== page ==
Had hoped to also squeeze in Engineer Pass (which is between Ophir and Lake City on the map below), but decided I was short on time but more over was worried I'd encounter a bit of snow on Engineer too.
Ophir is easy, Imogene is legit. Engineer tops out at 12,800 and Imogene at 13,100 -- but the snow started lower.
Hardest part of Ophir:
This wouldn't have been the toughest on Imogene...if it wasn't for the snow o_O
At the visitor's center in Silverton. No real good pics since I stayed on the outskirts of town.
Entrance to Ophir Pass...
High point on Ophir Pass 11,789'.
Town of Ophir:
Ghosttown of Tom Boy:
Hmmm...there's starting to be snow on the road. When I saw snow on the peaks, I figured it was like Ophir and the road wound around without actually going over the summit...
Yeah...no more still photos till I got to the top. I was a bit busy concentrating on slippery snow. Last 100' which was extra steep I ended up engaging the front lockers too as the Jeep was really hunting for traction.
Imogene Pass -- 13,114'.
Only the 2nd highest spot in Colorado you can drive a Jeep.
Mosquito Pass is 71' higher.
Welp, it's all downhill from here.
Old Mountain Rescue truck.
I *really* lucked out -- they are widening US 50 through a canyon and the road is open only limited hours each day.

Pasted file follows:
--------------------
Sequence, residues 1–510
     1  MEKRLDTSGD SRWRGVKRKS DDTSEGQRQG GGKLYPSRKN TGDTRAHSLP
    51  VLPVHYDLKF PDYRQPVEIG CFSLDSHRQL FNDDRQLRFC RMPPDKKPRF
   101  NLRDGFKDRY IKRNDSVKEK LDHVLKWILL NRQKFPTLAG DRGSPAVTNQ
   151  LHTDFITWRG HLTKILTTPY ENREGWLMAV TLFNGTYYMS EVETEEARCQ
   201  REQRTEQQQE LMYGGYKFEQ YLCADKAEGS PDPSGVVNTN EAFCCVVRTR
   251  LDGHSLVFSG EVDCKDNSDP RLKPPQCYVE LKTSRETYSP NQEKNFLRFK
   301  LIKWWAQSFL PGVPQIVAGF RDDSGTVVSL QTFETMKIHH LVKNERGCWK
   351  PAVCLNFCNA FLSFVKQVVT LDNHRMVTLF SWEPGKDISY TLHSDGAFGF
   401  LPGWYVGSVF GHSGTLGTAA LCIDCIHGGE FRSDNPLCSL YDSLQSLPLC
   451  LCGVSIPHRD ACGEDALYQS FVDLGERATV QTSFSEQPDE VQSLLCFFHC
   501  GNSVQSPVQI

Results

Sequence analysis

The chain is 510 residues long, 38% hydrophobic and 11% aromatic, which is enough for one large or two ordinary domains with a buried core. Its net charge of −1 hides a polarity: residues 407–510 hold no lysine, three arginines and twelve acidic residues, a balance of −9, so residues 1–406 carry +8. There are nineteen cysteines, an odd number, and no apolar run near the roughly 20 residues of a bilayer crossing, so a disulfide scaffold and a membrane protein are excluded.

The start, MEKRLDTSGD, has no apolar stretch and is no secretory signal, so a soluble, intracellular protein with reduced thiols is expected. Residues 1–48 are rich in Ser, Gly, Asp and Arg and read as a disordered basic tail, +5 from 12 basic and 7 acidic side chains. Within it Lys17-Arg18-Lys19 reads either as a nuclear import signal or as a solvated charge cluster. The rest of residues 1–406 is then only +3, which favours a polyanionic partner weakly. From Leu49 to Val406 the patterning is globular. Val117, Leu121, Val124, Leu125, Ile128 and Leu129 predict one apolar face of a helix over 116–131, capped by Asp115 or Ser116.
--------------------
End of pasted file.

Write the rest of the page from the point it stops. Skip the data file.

I happened to hit the block just a couple minutes before 5:30, and it was a fairly short wait till they let our side through.
While I originally planned to go to back to Silverton on Wednesday with Eric...if his flight was late we'd miss the window for the road opening. The other way around is by Grand Junction which is less than 2 hours from Moab and nearly 3 hours to Silverton. Best I can tell there are only four east-west crossing of Colorado without resorting to Jeep trails -- US 40, I-70/US 6, US 50, and US 160 far to the south.
Combine that with it being likely Black Bear Pass already has snow before you get down to the switchbacks, and I really don't want to go through snow again on the high passes...we'll head for Moab directly instead.
The schedule allows them to blast during the day, push the debris to the side, let traffic through, blast some more.
Then overnight they come in with dump trucks to haul off the blasted rock.